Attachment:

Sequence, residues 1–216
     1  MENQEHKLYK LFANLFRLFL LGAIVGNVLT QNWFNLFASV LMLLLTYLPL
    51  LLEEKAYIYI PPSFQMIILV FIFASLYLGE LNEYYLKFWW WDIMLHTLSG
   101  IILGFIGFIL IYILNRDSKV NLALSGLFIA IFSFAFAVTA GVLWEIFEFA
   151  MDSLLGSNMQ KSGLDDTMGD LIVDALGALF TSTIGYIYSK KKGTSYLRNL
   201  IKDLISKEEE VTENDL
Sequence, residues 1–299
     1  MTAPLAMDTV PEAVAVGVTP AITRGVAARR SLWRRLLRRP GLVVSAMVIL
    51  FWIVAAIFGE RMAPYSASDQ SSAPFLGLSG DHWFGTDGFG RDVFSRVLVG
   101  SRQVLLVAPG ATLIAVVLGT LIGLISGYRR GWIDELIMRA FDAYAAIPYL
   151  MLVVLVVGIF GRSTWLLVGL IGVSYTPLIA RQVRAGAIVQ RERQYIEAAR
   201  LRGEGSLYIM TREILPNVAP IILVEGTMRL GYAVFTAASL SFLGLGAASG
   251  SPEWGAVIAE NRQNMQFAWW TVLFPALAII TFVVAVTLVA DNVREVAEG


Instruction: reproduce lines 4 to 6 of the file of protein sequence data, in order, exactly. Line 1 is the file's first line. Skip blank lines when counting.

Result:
   101  IILGFIGFIL IYILNRDSKV NLALSGLFIA IFSFAFAVTA GVLWEIFEFA
   151  MDSLLGSNMQ KSGLDDTMGD LIVDALGALF TSTIGYIYSK KKGTSYLRNL
   201  IKDLISKEEE VTENDL